TALES OF OLD VICTORIA
Norman K. Archer
Combine a little old school charm, a splash of gallantry and a heap of local historical knowledge, and you've got Norman Archer's newly released book Tales of Old Victoria.
Published in March 2007, and released at the Senior Living Seniors Celebration Festival, Tales of Old Victoria contains 25 mini-biographies of some of the greatest known and unknown nineteenth century West Coast pioneers.
"The book is meant to fill a very evident void," says Norman. "There are many exhaustive historical tomes on the stories of Victoria and an equal number of excellent biographies on many of its early pioneers. What, until this time, did not exist, is a light, simple, inexpensive, overall synopsis that can be read in a couple of hours."
Designed specifically with the "busy" reader in mind, Norman designed both the content and layout of his new book to encourage easy reading. Several illustrations, including original pencil sketches provided by Norman's oldest son, and lots of white space encourage people to pick up the book for a quick read. What holds their attention are the intricately woven stories this Victoria city tour guide has to offer.
"I have selected a cross-section of people who laid the foundations of the City of Victoria. Many of the names are well known: Captain Vancouver, James Douglas, Matthew Baillie Begbie, John Helmcken. Others are less well known: John Butts, Boone Helm, Belle Adams. All of them helped to shape the fabric of the city in one way or another," says Norman. "The tales are arranged in an approximate chronological sequence, so one is able to detect the historical flow and interplay of events. Interspersed among the biographies, I have woven some scenarios to help complete the picture, such as details of the gold rush, the catastrophe of the smallpox epidemic, the horrors of the leprosarium on Darcy Island and the mysteries of old Chinatown."
So, what inspired Norman to write this book?
"Each summer, I conduct over 100 tours of the city. At the end of a tour, where I have been recounting the bizarre exploits of some of our founding fathers - and mothers, too - I am frequently asked 'Are these stories in print?' Well, yes, they are, but they have to be dug out from the multitude of historical records, websites, analytical books and detailed biographies. Most of my tourists don't want that kind of trouble. They are looking for the cursory glance and the entertaining style. This book is an attempt to meet that very real need, not only for tourists, but for anyone who would like to know just a little about Victoria's birth and early life. I make no claim of originality. Most of the material in my book can be found in other books and articles. What is unique is the way the stories are presented. Each story is capsulated and can be read in about five minutes."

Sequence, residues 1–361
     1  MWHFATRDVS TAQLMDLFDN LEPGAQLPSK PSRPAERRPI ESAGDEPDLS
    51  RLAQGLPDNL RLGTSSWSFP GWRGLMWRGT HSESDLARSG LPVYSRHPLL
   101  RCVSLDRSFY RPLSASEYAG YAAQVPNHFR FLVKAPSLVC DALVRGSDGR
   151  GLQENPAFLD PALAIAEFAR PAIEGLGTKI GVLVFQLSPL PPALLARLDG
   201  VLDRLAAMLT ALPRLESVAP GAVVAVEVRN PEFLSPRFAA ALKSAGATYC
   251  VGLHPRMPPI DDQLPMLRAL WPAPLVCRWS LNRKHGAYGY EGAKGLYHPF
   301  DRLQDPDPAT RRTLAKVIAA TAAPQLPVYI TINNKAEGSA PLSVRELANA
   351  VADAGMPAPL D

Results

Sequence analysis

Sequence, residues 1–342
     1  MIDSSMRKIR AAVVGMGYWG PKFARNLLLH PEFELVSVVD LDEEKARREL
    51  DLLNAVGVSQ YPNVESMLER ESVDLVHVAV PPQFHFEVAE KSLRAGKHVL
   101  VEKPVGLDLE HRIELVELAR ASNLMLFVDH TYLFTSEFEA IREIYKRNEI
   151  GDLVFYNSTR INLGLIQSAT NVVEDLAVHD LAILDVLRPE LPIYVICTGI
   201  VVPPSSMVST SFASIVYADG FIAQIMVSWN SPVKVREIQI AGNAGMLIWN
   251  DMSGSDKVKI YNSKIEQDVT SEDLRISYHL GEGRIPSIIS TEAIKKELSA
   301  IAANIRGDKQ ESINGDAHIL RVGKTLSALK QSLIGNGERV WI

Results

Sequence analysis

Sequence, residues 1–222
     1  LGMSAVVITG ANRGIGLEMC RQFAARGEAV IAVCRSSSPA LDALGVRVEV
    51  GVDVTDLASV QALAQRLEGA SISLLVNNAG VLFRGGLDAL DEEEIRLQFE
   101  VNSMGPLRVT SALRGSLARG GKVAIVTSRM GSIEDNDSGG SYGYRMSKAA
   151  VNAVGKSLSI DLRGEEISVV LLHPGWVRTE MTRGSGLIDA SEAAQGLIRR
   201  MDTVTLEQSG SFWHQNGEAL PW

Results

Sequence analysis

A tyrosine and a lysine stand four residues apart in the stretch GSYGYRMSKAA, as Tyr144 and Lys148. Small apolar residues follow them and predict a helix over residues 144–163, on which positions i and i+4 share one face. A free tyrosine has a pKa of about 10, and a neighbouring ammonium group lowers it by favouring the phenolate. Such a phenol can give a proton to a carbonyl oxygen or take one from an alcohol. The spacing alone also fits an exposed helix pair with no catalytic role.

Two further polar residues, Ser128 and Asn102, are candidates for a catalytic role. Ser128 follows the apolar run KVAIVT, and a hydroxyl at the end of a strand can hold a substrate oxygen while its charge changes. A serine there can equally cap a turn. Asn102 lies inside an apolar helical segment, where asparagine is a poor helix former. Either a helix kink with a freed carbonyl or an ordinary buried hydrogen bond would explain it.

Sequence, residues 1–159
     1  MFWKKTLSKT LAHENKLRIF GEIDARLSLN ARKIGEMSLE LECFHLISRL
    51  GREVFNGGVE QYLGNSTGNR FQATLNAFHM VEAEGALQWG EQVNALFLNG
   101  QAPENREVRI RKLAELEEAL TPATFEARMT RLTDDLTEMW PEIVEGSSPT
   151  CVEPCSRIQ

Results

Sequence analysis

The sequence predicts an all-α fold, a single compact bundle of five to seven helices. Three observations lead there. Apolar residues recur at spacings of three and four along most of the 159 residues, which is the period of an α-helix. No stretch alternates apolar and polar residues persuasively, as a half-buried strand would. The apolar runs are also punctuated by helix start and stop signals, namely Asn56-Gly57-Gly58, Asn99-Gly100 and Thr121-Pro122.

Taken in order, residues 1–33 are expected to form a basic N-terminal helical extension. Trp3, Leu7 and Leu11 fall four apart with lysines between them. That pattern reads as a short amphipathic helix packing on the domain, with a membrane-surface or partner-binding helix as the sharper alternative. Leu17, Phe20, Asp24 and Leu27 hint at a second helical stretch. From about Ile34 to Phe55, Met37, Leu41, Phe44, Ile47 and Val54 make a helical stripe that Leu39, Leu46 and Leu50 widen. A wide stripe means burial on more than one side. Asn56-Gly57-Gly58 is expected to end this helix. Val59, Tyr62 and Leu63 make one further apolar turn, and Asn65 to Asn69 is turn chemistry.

Born in London, England before the outbreak of the Second World War, Norman's colourful past helps make him a charismatic storyteller. Educated at Oxford and London University, Norman, in his early years, worked in Britain's printing and publishing industry. During his second career as a Baptist minister, he met his wife under a street lamp on a Saturday night in the middle of London. They hitchhiked across Europe, married, began a family and eventually immigrated to Canada, where they moved first to Victoria in 1966, left, and then returned in the '80s.
During Norman's many adventures in Canada, his fondness for informing and entertaining others inspired him to start a tour company where he spent 15 years escorting church groups to nearly 50 different countries. Upon retirement, Norman was approached to lead a "Birds Eye View Historical Tour" of Victoria, a summer walking tour for locals and tourists that provides insight into the historical and cultural landmarks of the city.
"Tour guiding is an ideal occupation for my interest and abilities," smiles Norman. "I am descended from a line of circus performers and the genes are certainly there. I am very much at home in the public eye and on the stage. I love drama!"
In his younger days, Norman did amateur dramatics and enjoyed every minute of it. And while he'd like to do it again, he says he doesn't know where he'd find the time.
"My tours include a large percentage of narrative. Most people are still children at heart and love a story. I am a born yarn-spinner. I love telling stories. My book has given me the perfect outlet for this natural inclination."
As a boy, Norman had a profound dislike for history until Mrs. Black became his history teacher.
"I well remember her saying that 'history is people. Get to know the people and you will understand the history.'"
The light went on for Norman that memorable day. Who doesn't enjoy stories about people? And people remain the heart of his tour guiding and the essence of his book.
For more information or to purchase a copy of Tales of Old Victoria
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